He was one of the first officials on the ground and in the trial earlier assured that he unlocked and opened the exit door in the lobby, which was never tested for forensic evidence, because it was infected.
"You did not comply with the rules in this crime area or not?" asked Gold, referring to its protection against pollution.
Davidson said he was careful not to touch anything at the office and repeat his steps back to the lobby. He said he did not consider the back door of the crime scene.
"Okay or wrong, I opened it."
"It was not" right or wrong, "it was wrong," gold snapped.
"Yes," Davidson agreed.
"You would not do it today, are you?" Gold asked.
"No," replied the official.
The defense has previously informed the court that the quality of the investigation into Sentonyon's police force will be the main issue for the defense of Oland in the context of the second round of murders.
Pre-trial defense advocates said they plan to object "that [Saint John Police Force’s] Richard Oland's murder investigation was inadequate and would also try to challenge the conduct and credibility of the various SJPF officers involved in the investigation. "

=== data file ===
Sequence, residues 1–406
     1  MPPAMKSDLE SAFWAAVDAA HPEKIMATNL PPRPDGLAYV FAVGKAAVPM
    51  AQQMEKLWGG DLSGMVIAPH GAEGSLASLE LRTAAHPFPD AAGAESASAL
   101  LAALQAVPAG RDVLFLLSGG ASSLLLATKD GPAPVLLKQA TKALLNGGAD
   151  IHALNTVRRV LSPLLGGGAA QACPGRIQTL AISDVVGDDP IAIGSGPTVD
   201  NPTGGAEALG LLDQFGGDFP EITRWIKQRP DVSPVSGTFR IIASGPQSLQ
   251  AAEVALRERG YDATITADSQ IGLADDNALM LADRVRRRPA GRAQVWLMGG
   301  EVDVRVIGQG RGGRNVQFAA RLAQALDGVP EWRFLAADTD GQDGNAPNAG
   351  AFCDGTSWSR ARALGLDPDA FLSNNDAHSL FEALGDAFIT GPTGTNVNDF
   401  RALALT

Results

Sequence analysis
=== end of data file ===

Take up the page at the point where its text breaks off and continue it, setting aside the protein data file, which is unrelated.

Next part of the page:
On Wednesday Wednesday, again, a prosecutor's office, P.J. Veniot, had a direct trial of Davidson on a security video from a Thandi restaurant located across the street from the victim's office, from a day of killing.
When Veniot first used a security show to help Davidson describe the location of both cameras and their coverage areas, Gold stood before the court.
"To be clear, justice, we created it," he said, referring to an aerial view of shadowed areas. "It was not part of the police investigation. It was not something the officer did.
"As you know, in this case, the quality of the police investigation will be a problem, so I just want to be clear what you see, and the official's oral testimony is a defense work product."